Now, this presents to Mularkey a bit of a tactical problem. Walker’s a solid move tight end, but not somebody they want to put on the line of scrimmage in 21 or maybe even 12 personnel and run the ball with. One of the things that would make Howard and/or Njoku appealing to the Titans is if he could do that and present more of a pass threat in that role than Fasano (now a free agent) or Phillip Supernaw did this past season. But if you’re looking at that player as a Sharpe replacement, then what you’re looking for is a player who can line up on the outside and win 1v1 matchups against cornerbacks on intermediate routes (y’know, that thing Titans receivers had so many problems with this season). There are players who can do one, and there are players who can do the other, but hardly anybody this side of Rob Gronkowski can do both as frequently as he would have to do to fit both needs. So I’m kind of skeptical any TE in this draft fits that first potential justification for spending a first-round pick on a tight end.
Ok, fine, the second potential justification for spending a first-round pick on a tight end. Are the Titans ready to move on from Delanie Walker in the near future? This is almost always an awkward question, but it must be asked. Walker turns 33 before the start of this coming season, and his contract expires after 2018 (when he’s due a $5.4 million base salary). If the Titans are ready to move on from Walker, they could select Howard or Njoku to be their TE2 this season, filling a Fasano-type role with more receiving upside, with the expectation that he’ll supplant Walker as their primary receiving TE and one of their big three receiving options in 2018, or at latest 2019 (similar to Derrick Henry’s likely career trajectory). If this is the answer, though, the pick of a tight end would be in addition to, not instead of, a receiver to supplant Sharpe.
Let’s try putting this into a different format. Here’s what things looked like in 2016:
Starting outside WR, frequently targeted: Tajae Sharpe
Starting outside WR, frequently targeted: Rishard Matthews
Slot WR, occasionally targeted: Kendall Wright
WR4, slot or outside, infrequently targeted, didn’t play ST: Harry Douglas
Marginal WR: Marc Mariani (returner), Tre McBride
Move TE, frequently targeted: Delanie Walker
Inline TE, infrequently targeted: Anthony Fasano
TE3, blocker/special teams, infrequently targeted: Phillip Supernaw
TE4, inactive: Jace Amaro
Now, within the context of what I wrote above, here are your questions as we project those roles going forward to 2017:
1. Do you want Tajae Sharpe to be an 800+-snap player? If yes, fine. If not, then the Titans should look at free agency (not many great options, likely) or the draft (maybe depending on what you think of Mike Williams, Corey Davis, John Ross, etc.) for a player who can be better than Sharpe at this job. If you do this, then Sharpe could potentially fill one of the spots lower on the depth chart.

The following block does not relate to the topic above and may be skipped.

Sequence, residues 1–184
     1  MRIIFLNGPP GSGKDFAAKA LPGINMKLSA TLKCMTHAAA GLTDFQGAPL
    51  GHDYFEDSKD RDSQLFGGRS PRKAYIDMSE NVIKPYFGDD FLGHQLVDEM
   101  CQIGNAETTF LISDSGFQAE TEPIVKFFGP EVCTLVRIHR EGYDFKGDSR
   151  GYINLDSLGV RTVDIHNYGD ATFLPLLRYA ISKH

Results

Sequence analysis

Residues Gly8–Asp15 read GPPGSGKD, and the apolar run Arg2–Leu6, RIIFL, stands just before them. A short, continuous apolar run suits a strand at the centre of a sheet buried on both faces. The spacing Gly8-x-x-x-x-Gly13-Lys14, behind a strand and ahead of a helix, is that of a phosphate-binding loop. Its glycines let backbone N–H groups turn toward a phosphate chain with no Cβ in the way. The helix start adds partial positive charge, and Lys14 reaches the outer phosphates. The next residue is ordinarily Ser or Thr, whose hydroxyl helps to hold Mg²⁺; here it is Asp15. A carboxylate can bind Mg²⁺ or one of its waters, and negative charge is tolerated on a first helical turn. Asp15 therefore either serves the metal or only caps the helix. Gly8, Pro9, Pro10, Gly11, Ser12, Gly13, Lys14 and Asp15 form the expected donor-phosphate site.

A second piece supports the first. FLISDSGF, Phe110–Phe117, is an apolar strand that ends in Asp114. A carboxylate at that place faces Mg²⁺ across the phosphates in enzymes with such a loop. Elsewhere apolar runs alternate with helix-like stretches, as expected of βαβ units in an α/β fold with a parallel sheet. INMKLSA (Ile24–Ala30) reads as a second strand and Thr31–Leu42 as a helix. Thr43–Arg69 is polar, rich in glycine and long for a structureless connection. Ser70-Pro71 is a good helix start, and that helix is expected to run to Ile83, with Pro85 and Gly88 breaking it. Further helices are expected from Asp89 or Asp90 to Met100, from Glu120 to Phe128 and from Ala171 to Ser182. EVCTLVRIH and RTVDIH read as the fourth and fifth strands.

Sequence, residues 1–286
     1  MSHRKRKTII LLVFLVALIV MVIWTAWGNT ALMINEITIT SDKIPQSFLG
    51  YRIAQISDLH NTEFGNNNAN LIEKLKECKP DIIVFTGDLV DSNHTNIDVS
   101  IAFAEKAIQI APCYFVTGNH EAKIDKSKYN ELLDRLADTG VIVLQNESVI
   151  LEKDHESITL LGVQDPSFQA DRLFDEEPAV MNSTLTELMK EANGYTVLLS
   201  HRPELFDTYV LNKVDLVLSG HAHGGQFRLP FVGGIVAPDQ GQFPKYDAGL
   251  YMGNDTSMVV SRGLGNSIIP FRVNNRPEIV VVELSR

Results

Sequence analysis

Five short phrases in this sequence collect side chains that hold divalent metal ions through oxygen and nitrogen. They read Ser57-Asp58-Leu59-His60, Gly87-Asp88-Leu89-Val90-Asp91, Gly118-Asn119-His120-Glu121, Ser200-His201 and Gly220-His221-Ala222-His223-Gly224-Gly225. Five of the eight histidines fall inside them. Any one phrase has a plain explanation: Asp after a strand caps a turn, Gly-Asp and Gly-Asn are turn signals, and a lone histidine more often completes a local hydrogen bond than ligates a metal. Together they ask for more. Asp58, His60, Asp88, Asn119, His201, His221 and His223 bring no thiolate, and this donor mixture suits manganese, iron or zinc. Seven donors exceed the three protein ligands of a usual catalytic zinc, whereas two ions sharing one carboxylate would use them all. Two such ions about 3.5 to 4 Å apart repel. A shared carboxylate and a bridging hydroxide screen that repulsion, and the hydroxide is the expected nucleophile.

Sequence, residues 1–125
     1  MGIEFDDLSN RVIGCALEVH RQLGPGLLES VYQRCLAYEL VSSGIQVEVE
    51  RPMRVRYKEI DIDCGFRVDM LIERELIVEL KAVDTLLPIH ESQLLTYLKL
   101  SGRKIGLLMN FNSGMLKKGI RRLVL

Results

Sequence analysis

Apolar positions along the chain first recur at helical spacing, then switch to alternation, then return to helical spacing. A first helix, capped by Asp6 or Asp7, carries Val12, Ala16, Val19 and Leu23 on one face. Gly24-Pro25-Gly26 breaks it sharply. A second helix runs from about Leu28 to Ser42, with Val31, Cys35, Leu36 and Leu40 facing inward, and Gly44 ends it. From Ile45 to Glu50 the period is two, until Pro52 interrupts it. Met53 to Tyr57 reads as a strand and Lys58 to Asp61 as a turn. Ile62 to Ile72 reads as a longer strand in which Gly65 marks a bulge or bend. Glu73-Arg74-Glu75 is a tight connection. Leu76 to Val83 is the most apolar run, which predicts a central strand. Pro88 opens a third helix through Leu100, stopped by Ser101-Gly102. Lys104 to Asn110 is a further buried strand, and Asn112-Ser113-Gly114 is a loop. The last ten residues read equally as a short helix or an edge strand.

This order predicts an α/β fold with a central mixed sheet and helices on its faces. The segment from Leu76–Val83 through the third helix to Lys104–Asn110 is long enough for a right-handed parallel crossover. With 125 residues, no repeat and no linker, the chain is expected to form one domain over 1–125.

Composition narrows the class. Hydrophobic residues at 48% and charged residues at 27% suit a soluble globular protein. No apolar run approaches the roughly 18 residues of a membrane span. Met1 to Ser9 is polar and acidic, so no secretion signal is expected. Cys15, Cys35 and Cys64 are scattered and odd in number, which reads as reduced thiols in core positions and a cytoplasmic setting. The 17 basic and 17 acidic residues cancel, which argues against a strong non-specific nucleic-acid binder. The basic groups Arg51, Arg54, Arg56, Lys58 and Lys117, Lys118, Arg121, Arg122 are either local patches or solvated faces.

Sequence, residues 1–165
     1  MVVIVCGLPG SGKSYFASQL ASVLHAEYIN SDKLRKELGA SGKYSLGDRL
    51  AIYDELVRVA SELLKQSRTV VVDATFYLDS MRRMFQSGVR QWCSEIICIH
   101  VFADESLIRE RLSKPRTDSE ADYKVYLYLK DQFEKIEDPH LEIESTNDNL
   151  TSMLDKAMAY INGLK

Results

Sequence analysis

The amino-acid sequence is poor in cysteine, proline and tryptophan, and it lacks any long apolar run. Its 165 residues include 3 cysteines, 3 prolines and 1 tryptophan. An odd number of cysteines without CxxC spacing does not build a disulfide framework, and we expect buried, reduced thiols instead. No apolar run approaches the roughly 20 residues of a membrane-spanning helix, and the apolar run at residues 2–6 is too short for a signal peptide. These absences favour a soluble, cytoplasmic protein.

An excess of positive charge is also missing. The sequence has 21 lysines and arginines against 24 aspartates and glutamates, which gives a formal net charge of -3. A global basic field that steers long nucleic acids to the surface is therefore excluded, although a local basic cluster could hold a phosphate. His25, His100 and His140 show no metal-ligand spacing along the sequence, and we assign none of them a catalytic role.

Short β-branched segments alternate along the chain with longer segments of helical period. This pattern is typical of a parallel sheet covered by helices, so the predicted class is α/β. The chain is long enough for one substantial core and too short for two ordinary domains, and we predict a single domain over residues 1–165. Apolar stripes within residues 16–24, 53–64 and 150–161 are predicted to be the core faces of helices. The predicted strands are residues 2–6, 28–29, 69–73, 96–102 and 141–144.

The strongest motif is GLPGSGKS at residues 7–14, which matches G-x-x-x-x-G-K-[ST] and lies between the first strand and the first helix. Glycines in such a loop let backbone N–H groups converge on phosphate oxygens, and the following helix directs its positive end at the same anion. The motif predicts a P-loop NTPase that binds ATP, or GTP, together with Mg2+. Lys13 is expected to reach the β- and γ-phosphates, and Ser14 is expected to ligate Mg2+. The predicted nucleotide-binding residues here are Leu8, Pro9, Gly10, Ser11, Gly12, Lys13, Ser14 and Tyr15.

2. Kendall Wright is a free agent and, in my opinion, quite unlikely to return. This isn’t a big role, but is there a player on the roster you want to fill that slot WR role, even if it may just be a limited one?
3. Harry Douglas is due $3.75 million in the final year of his deal. (a) Do you want him to fill the Wright role, or you can find a better player for that? (b) In his inside-outside flexibility and your degree of trust in him, plus the absence of any cap pressure, such that you’re willing to pay him that much to again do what he did in 2016, or can you find a different, maybe better and/or cheaper player, preferably one who contributes on special teams for that role?
4. Marc Mariani is a free agent. Who’s going to return punts and kicks? I’m skeptical this player was on the 2016 roster. Obviously, this player doesn’t have to be a wide receiver and is quite unlikely to be a tight end.
5. Anthony Fasano is a free agent. Who’s going to fill that role? You could re-sign Fasano to do it, but as an anti-fan of old tight ends, I’d prefer a younger option if there’s a good one available. This player is unlikely to have a big passing game role in 2017, but could have one in future seasons.
6. Phillip Supernaw is likewise a free agent. This could be a good role for a young player with the goal of putting him in Fasano’s role in 2018, or just a marginal veteran.
7. Is there a path from Amaro’s current position to any potential role other than move TE? I really don’t see one, and haven’t since the Titans claimed him off waivers. But if the TE2 and TE3 aren’t credible potential Walker injury replacements, as they weren’t in 2016, Amaro could maintain his 53/healthy inactive status for another season.
Possible answers to those questions likely to come when free agency begins next month, and we should know a lot more about what the Titans are actually likely to do come draft night by the time I do the big draft preview post in mid- to late-April.
UPDATE (2017-02-20 2255): Had some “this season” ambiguity, using it to refer to alternatively 2016 or 2017 at different points, so changed that and some other style stuff that was annoying me.